See those rhinestone clips on Mother’s dress in the picture? She snuck them into the studio for this 1940’s publicity photo of “The Joneses” and they weren’t seen again. She promised Daddy she’d give up makeup and jewelry when they took a church to pastor but her love of all things shiny remained undiminished.
Gramma K told Leslie Ray and me Mother’s necklines were a lot lower before she found Jesus. Gramma never forgave her daughter for leaving a promising music career to follow a country preacher around the South.
Here’s a rhinestone excerpt from my book, The Glory Road.
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Glendale, California 1955
When we set out on this trip it was with a dual purpose. First, because Gramma K lived in California, we visited when we could, and second (or first, depending on who was making the list) Mother would be performing . She was booked on the bill with several Country and Southern Gospel stars at El Monte Legion Stadium, where Cliffie Stone broadcast his Hometown Jamboree.
Daddy said yes to the show, even though it was on television because his wife was using her music to testify. And also because he was crazy about her. Since they’d found Jesus, their agreement was that no matter where she sang she would carry forth the banner, witnessing by singing only gospel. She’d already stepped in front of cameras when she sang over at Brother Daly’s Tabernacle in New Orleans.
Raising his wife required all the reassurances Daddy could muster and so far it was taking up a good deal of his time on this trip. Gramma was thrilled her daughter would be singing on television in California but no amount of church music was going to be enough for her. Gramma said gospel would never make Mother famous.
Mother was wound up tight about the TV show and that was no small problem. She was high-strung during the best of times. Added pressure sent her spinning off. Her latest concern on this trip seemed to be what to wear.
Since becoming a preacher’s wife, Mother’s sweetheart necklines were raised a bit higher. She brought out one of the dresses under consideration to show Gramma and hung it on the back of the door. Too plain for television, said Gramma, who plunged into a jewelry box on her vanity table and pulled out rhinestone clips.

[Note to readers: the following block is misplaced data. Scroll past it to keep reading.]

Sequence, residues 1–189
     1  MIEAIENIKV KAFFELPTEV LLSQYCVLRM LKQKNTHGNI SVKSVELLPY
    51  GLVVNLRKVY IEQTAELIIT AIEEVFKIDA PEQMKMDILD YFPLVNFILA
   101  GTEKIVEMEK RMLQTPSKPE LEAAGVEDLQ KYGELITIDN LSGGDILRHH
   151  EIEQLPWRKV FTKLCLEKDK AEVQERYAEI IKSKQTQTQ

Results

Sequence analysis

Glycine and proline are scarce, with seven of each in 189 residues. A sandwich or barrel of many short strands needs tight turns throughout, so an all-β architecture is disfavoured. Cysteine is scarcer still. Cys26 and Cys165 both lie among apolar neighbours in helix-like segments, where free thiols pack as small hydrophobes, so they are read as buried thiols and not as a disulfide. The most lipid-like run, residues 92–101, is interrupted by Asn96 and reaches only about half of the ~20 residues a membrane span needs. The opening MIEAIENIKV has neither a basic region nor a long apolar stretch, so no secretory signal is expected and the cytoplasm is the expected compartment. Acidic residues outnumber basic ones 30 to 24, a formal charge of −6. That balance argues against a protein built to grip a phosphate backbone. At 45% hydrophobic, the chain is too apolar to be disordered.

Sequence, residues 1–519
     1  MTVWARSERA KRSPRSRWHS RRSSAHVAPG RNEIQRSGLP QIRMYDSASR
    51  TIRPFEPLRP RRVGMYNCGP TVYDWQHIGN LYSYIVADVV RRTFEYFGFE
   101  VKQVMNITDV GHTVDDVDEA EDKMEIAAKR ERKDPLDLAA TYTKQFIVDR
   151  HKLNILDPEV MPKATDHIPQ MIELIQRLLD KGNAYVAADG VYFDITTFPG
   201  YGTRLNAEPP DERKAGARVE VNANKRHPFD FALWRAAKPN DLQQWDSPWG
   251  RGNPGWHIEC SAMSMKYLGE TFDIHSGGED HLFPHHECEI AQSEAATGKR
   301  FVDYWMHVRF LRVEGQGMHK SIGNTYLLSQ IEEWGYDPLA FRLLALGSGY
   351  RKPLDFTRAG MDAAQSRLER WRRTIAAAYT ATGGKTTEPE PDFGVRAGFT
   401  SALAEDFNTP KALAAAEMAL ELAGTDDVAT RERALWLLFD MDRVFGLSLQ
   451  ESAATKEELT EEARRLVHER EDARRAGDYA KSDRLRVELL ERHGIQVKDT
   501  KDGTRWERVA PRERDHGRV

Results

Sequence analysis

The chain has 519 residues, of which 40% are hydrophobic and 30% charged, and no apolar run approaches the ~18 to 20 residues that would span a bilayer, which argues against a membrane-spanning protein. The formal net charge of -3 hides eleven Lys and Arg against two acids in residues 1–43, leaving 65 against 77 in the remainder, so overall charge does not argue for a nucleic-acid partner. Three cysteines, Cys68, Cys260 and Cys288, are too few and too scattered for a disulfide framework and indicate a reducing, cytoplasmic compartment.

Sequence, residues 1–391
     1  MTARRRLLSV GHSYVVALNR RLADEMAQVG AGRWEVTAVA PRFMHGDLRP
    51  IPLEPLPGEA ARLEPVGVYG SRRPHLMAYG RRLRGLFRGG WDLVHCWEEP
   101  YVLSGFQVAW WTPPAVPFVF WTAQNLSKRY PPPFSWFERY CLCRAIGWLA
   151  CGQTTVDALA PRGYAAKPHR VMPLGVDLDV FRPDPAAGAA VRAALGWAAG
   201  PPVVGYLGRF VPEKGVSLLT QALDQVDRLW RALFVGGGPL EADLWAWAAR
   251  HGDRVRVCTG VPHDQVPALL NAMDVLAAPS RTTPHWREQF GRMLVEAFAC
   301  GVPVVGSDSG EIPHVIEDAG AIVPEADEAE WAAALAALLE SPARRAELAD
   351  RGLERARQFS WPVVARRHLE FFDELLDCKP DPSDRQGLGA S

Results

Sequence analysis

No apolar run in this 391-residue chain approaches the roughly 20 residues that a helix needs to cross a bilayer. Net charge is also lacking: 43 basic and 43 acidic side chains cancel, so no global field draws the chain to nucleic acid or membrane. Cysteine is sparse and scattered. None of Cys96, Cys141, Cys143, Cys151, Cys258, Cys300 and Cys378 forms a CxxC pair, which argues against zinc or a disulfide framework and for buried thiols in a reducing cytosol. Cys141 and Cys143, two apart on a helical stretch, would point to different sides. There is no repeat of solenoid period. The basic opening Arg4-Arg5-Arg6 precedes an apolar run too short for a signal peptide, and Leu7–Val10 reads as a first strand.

The two of them continued picking through all the sparkle. Mother grabbed an especially large piece and attached it to her dress, using the clip to gather the fabric downward to a greater dip. She looked in the mirror and said,
“Could you just D-I-E!”
Gramma held out matching earrings. Big earrings with so many stones they would tax the earlobes of a timid woman. As soon as she saw the earrings in Gramma’s hand, Mother snapped,
“Mother! You know I can’t wear jewelry. I gave Raymond my word.”
“You’re not dressing for church right now. You’re singing on a program where a lot of stars wear custom outfits. I guaran-damn-teeya every woman there will have on something like this.”
There was no denying how much Mother wanted to wear them. Here was my thinking. What I’d have done in her place. I’d have taken that jewelry with me and clipped them on just before singing. Then anybody who wanted to say something about it could just go ahead. It’d be too late. Mother didn’t do that.
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Mother often sang this with gospel quartets backing her.
‘I Am A Pilgrim And A Stranger”
Fern Jones with the Sunshine Boys from the album
Fern Jones/The Glory Road (Numero Group)
This version was recently featured on NBC‘s new show, AP Bio.